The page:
Press-Republican

Thursday

July 25, 2013

A rare breed of entertainer

Nashville veteran performs benefit for local renovation

CHATEAUGAY — Jamie Lee Thurston is Jamie Lee Thurston.

It’s not a stage name. It’s his real name, which his parents picked as a cool name for an entertainer.

“They were obviously planning ahead,” said Thurston, who goes acoustic Saturday evening in the newly renovated Chateaugay Town Hall Theater.

Born in Montpelier, Vt., and the youngest of three, Thurston was raised in Waterford. His father, Jimmy, was a music man gigging the New England circuit. Thurston was named after one of his father’s bandmates.

“The first time I sang, he (dad) was holding me in his arms. I was 3. I watched him throughout my life and learned a lot from my dad. I like to think, as we go on in life, the way I live my life, I like to grow and be smarter and better than I was yesterday,” he said.

“So with the tools he gave me, I have worked hard to take those tools and try to get better at those every day, which is a challenge in the entertainment industry.”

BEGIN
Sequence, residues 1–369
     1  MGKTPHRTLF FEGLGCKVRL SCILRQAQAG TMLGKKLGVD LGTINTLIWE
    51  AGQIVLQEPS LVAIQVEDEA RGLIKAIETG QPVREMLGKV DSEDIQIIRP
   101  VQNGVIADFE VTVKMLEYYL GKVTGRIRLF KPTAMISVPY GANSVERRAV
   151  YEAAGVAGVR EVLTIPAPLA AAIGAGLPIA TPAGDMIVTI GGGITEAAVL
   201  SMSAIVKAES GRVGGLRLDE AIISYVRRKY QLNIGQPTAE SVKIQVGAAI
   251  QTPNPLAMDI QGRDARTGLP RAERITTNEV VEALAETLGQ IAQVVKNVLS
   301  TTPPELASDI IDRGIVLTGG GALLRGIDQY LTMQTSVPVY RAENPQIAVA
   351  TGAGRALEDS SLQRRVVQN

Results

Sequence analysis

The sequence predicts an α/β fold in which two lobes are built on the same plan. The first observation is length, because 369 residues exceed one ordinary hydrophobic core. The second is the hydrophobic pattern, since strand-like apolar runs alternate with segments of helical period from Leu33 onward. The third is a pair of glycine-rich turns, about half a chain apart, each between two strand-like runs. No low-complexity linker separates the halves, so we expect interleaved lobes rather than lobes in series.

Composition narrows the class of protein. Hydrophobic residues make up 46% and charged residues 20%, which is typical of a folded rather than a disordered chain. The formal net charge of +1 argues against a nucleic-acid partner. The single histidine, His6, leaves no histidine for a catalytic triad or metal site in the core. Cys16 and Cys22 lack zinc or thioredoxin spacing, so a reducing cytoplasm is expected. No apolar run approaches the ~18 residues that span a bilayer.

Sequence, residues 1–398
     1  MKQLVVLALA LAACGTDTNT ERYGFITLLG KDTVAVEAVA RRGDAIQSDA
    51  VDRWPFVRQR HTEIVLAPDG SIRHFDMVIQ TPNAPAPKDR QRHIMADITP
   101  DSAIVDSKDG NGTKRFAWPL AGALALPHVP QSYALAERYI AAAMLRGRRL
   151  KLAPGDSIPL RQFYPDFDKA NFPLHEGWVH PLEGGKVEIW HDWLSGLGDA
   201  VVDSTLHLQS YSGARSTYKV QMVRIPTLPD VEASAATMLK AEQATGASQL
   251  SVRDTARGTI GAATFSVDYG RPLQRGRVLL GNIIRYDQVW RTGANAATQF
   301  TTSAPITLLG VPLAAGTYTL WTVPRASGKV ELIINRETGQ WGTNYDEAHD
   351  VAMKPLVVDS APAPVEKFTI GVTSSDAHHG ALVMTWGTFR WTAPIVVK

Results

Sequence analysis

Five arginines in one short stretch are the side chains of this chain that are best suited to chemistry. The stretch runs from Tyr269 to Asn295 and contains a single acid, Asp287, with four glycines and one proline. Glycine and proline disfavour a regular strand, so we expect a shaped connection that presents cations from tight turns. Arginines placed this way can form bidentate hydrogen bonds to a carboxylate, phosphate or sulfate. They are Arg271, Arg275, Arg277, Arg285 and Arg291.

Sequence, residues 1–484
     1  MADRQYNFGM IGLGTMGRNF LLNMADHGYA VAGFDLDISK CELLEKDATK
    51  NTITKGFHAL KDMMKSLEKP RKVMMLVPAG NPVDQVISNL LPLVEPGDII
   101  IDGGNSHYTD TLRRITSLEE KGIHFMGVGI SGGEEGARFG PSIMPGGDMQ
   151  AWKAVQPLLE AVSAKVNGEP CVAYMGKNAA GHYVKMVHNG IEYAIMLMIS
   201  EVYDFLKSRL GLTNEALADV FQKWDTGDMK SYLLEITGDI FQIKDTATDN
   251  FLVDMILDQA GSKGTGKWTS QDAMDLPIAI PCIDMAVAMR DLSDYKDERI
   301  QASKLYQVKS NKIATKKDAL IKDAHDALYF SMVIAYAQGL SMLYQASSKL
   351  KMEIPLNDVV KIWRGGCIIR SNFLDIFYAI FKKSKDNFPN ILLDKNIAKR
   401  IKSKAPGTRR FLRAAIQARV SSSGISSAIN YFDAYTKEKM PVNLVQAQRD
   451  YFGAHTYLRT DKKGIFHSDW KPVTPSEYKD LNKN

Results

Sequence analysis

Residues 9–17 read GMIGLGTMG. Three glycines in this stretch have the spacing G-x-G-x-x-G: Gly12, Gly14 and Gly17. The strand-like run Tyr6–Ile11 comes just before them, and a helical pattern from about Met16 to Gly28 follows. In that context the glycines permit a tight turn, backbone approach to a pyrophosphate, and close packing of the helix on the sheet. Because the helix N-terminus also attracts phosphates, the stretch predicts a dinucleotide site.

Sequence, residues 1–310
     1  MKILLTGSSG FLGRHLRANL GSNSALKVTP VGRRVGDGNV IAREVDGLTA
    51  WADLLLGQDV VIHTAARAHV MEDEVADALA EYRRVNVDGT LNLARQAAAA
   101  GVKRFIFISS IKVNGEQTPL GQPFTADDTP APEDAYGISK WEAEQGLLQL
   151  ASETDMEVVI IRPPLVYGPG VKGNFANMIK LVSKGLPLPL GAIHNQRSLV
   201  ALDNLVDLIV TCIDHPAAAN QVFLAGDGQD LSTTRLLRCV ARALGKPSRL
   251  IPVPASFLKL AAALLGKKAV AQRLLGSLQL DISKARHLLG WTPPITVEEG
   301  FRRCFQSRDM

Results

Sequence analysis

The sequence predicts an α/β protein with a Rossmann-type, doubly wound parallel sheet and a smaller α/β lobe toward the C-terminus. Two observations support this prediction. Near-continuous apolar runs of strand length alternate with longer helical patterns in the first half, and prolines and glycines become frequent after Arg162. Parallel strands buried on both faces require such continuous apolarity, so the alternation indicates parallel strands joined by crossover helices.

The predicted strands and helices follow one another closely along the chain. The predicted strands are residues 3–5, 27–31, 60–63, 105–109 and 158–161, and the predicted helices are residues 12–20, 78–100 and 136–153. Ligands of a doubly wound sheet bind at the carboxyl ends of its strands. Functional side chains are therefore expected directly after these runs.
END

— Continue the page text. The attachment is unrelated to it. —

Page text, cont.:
At 15, he was his dad’s roadie, water boy, light guy and sound guy. After this dirt time, he jumped into the band after high school.

“I got a chance to do that, and then I lost that job and had to work my way up. That meant a lot of work, a lot of reading and trying to learn the most you can to be the best you can be. Hopefully today, I’m not the best I will be or tomorrow or the next month,” Thurston said.

Before he relocated to Nashville 15 years ago, he flew back and forth, bimonthly for two years. In the intervening decades of music making, he’s had three record deals, including Warren Brothers and a publishing deal with EMI that led to songs recorded by Trace Adkins and Montgomery Gentry.

Text Only | Photo Reprints
Thursday
CVPH Job Opportunities